Did you know that the phrases everyday (in one word) and every day (in two words) are both correct?
The pronunciation is only slightly different but in writing, you need to understand the difference in meaning if you don’t want to make a mistake!
Every day is often the first of the two phrases that learners of English study. In two words (every + day), it means each day or all of the days. To be sure not to make the mistake, try using “each” instead of “every”: if you can easily switch words, then you know you need to write it in two words.
- I read a bit every day. → I read a bit each day.
- I get up early every day. → I get up early each day.
Everyday however is an adjective that means ordinary, usual, common, daily. Everyday can easily be replaced by the words usual or daily:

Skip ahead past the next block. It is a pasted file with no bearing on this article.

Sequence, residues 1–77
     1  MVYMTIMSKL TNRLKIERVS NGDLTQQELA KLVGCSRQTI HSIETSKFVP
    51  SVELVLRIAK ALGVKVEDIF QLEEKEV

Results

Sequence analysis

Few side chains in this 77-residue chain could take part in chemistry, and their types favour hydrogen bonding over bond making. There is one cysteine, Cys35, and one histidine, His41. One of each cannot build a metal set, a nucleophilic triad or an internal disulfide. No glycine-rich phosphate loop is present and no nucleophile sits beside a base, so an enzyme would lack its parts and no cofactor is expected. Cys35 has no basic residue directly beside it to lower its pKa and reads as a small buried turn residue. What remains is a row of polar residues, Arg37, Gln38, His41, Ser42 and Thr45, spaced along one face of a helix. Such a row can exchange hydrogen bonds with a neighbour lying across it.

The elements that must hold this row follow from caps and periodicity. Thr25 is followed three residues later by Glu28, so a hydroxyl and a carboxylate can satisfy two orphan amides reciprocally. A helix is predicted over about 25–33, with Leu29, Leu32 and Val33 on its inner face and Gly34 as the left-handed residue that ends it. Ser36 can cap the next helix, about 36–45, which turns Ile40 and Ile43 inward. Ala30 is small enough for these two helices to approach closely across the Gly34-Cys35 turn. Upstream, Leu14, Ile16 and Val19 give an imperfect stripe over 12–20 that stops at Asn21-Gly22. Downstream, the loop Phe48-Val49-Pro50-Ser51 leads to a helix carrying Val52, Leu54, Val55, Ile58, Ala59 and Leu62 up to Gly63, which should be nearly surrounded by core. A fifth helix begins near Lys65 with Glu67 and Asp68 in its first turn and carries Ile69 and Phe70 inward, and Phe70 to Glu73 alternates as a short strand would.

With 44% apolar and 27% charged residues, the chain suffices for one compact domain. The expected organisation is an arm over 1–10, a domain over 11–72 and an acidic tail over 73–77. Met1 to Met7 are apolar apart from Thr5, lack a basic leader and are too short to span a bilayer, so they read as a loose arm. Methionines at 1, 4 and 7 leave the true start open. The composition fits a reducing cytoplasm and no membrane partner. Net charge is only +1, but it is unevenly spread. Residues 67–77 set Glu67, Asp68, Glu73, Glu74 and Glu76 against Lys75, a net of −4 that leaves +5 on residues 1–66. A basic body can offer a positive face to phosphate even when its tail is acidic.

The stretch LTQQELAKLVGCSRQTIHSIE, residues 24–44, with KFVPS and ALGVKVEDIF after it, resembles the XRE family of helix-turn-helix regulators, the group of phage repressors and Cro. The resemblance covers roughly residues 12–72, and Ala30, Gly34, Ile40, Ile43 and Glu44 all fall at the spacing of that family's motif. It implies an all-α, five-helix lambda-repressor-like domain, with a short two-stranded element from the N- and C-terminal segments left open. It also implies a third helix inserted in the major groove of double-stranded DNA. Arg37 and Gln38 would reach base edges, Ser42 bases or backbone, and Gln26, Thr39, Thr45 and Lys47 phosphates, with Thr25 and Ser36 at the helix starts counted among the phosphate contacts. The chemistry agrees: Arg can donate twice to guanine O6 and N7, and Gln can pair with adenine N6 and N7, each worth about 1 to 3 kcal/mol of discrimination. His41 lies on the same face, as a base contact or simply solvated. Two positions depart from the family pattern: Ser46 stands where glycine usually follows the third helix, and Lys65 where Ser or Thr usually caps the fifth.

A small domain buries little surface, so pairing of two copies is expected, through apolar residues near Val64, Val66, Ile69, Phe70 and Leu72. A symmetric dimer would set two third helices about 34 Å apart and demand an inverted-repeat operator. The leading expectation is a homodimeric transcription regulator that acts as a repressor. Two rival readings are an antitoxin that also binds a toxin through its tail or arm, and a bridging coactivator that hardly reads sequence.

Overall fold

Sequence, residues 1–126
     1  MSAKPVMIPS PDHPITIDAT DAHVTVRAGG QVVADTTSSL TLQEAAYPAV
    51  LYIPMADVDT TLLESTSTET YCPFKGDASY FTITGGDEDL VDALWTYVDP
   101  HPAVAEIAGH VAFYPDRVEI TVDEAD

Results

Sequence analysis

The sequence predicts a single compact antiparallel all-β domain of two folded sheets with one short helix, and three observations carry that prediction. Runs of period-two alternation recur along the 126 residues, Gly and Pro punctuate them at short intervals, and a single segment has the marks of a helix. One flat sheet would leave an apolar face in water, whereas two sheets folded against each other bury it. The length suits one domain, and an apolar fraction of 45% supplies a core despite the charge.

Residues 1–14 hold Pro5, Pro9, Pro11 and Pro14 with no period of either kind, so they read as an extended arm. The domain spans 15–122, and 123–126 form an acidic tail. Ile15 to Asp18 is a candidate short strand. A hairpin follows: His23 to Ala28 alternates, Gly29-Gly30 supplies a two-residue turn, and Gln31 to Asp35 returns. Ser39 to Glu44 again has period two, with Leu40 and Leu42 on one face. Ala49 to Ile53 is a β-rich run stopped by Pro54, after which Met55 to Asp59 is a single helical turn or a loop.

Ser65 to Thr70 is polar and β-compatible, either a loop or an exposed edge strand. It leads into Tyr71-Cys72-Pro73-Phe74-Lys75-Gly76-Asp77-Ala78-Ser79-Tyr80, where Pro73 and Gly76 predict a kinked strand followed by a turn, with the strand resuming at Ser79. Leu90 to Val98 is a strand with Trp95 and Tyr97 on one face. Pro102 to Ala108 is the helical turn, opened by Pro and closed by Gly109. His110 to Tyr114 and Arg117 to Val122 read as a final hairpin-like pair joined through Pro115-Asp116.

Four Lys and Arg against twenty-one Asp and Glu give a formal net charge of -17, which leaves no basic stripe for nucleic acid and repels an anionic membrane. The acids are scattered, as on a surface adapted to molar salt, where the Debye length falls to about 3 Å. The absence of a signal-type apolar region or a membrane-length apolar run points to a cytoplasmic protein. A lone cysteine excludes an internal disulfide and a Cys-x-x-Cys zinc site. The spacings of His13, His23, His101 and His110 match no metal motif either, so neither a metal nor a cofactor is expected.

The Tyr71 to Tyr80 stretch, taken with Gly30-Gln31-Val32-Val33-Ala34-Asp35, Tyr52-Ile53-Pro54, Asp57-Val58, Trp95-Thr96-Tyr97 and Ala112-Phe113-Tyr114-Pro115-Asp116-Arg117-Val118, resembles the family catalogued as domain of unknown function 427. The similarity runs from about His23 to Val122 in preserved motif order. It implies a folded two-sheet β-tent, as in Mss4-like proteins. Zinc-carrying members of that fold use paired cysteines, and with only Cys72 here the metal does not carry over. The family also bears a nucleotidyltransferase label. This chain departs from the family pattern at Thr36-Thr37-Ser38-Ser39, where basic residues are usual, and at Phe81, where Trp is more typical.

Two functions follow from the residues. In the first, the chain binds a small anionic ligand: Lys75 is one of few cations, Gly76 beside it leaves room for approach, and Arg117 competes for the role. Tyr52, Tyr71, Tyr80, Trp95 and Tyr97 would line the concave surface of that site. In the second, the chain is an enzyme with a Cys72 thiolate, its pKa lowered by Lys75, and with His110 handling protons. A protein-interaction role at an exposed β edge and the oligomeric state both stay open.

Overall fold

- Don’t wear your everyday clothes for the wedding! → Don’t wear your usual clothes for the wedding!
- The new law changed people’s everyday life. → The new law changed people’s daily life.
I mentioned earlier that the pronunciation is slightly different. The difference is quite slight indeed, but still, it’s there! You have to stress the right syllable:
Everyday: stress the very first syllable, i.e. the initial E → Everyday
Every day: stress the last syllable, i.e. the word “day” → every DAY
There you are! Now you can spell both correctly and will always know whether you need to write everyday in one word or every day in two words!
Do your everyday exercises and practice your English every day! 😉